Robert Mugabe, former prime minister and president of Zimbabwe whose rule was mired in accusations of human rights abuses and corruption, has died in Singapore aged 95.
His 40-year leadership of the former British colony was marked with bloodshed, persecution of political opponents and vote-rigging on a large scale.
Born in then Rhodesia, Mr Mugabe co-founded the Zimbabwe African National Union (ZANU) in 1963, a resistance movement against British colonial rule.
He was jailed for anti-government comments between 1964 and 1974.
He became prime minister in 1980 of the new Republic of Zimbabwe and assumed the role of president seven years later.
In 2000 he led a campaign to evict white farmers from their land, which was given to black Zimbabweans, and led to famine.
Mr Mugabe retained a strong grip on power, through controversial elections, until he was forced to resign in November 2017, at age 93.
Current Zimbabwean President Emerson Mnangagwa wrote on twitter: "It is with the utmost sadness that I announce the passing on of Zimbabwe's founding father and former President, Cde Robert Mugabe.
"Cde Mugabe was an icon of liberation, a pan-Africanist who dedicated his life to the emancipation and empowerment of his people. His contribution to the history of our nation and continent will never be forgotten.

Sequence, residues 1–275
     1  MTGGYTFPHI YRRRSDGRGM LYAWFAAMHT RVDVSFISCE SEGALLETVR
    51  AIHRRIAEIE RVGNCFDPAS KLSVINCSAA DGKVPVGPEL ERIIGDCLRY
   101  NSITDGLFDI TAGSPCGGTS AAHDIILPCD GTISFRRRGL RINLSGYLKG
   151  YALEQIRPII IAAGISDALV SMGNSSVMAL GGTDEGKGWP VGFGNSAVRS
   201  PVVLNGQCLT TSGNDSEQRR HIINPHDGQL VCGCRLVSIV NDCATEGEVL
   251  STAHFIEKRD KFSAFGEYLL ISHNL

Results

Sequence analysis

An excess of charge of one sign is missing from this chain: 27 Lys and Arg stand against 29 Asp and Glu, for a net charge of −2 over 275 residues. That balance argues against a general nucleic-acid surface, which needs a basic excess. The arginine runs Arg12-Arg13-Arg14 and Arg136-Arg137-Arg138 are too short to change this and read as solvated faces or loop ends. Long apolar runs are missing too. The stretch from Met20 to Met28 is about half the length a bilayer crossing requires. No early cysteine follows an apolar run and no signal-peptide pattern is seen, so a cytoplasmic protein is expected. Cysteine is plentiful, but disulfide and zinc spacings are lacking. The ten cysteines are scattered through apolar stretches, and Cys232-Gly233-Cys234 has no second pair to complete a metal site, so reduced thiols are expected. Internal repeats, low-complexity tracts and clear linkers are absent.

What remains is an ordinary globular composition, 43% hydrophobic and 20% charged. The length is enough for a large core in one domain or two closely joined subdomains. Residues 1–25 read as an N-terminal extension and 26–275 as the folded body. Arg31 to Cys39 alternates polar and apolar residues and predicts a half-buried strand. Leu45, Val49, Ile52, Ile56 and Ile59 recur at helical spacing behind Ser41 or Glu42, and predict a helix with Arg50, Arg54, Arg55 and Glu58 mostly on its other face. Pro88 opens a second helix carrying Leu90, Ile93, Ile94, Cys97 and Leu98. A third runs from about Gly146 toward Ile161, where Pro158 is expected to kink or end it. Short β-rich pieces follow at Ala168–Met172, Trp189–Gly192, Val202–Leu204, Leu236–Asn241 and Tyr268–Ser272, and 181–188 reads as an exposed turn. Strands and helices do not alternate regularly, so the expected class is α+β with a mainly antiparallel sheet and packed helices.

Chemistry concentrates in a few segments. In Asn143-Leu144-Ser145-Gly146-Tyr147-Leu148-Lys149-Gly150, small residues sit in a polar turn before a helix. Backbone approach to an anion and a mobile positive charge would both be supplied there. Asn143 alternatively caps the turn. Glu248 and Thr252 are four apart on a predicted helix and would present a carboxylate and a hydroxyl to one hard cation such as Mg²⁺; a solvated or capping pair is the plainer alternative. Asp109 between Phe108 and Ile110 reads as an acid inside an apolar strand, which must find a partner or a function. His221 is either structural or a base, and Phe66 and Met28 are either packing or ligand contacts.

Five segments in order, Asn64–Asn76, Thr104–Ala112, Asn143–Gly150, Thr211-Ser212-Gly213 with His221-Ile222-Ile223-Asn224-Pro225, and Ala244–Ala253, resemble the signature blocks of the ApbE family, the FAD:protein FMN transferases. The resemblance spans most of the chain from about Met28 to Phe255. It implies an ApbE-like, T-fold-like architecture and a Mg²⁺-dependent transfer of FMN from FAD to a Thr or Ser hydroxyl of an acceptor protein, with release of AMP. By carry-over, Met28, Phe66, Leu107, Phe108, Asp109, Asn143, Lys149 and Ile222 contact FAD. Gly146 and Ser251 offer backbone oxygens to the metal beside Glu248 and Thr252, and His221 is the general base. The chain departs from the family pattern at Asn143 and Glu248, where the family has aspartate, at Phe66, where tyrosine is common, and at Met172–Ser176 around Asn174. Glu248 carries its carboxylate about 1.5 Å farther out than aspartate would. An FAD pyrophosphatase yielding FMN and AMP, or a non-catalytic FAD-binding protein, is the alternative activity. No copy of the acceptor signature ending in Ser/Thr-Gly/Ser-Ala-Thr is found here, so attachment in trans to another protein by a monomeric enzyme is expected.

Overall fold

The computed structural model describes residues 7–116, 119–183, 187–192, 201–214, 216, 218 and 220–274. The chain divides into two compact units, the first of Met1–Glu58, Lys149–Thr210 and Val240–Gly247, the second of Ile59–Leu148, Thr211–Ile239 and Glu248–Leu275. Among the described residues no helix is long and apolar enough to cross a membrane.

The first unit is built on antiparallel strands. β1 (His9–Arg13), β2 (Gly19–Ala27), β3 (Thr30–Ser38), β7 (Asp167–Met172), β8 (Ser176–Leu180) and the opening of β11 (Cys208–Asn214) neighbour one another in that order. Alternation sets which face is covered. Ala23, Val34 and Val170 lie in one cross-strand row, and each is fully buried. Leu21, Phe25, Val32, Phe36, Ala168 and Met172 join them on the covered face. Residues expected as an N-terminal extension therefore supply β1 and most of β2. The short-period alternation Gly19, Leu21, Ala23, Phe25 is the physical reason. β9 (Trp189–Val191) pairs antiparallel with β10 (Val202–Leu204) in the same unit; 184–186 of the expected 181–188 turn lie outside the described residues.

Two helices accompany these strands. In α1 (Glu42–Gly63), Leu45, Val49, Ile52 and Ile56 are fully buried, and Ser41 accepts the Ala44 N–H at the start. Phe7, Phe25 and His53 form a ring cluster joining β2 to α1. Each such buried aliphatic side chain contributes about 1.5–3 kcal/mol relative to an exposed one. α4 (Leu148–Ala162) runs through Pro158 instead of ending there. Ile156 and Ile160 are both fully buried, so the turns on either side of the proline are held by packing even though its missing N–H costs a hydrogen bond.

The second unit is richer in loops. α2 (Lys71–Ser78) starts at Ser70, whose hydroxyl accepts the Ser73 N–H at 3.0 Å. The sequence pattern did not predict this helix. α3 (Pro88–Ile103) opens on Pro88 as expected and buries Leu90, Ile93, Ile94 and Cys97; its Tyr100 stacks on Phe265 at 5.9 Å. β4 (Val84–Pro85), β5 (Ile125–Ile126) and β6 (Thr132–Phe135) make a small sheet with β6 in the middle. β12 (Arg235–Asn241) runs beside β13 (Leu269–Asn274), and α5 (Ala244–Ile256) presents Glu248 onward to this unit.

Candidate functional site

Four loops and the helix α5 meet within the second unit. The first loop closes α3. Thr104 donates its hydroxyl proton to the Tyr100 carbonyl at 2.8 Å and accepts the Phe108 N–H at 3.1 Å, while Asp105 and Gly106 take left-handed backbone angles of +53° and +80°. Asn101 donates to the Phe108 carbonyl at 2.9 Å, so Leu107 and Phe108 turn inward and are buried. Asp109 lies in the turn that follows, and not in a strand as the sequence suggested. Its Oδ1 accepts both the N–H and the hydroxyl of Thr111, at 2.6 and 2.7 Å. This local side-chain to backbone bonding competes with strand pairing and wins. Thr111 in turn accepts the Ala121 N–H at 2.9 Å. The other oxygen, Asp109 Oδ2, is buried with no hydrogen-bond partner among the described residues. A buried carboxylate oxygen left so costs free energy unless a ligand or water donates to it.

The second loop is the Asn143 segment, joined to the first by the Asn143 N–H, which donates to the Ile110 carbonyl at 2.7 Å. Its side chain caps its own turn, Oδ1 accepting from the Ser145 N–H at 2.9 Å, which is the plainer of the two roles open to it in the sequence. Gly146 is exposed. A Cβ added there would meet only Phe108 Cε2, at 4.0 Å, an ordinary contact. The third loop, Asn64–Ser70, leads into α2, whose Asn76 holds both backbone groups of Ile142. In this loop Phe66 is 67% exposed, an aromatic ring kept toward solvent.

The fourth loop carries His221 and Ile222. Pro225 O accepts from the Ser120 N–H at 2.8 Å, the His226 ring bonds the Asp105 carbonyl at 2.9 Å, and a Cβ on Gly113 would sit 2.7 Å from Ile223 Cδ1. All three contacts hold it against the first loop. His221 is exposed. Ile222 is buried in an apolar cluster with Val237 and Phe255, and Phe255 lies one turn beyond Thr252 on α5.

"May his soul rest in eternal peace."
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It is with the utmost sadness that I announce the passing on of Zimbabwe's founding father and former President, Cde Robert Mugabe (1/2)— President of Zimbabwe (@edmnangagwa) September 6, 2019
Mr Mugabe's resignation triggered wild celebrations across the country of 13 million.
He denounced his removal as an"unconstitutional and humiliating" act of betrayal by his party and people.
Last November, Mr Mnangagwa said the former president was no longer able to walk when he had been admitted to a hospital in Singapore, without saying what treatment Mr Mugabe had been undergoing.
Officials often said he was being treated for a cataract, denying frequent private media reports that he had prostate cancer.
The South African Government said on its official Twitter account: "We send condolences to the government and the people of the Zimbabwe following the passing on of their founding leader and former President Robert Mugabe.
"The fearless pan-Africanist liberation fighter died in a hospital in Singapore. He was 95."
The US embassy in Harare, Zimbabwe's capital, extended its condolences to the Mugabe family.
The United States extends its condolences to the Mugabe family and the people of Zimbabwe as they mourn the passing of former President Robert Mugabe. We join the world in reflecting on his legacy in securing Zimbabwe's independence.— U.S. Embassy Harare (@usembassyharare) September 6, 2019
China, which was one of the staunchest supporters of Robert Mugabe, said he was an "outstanding national liberation movement leader and politician".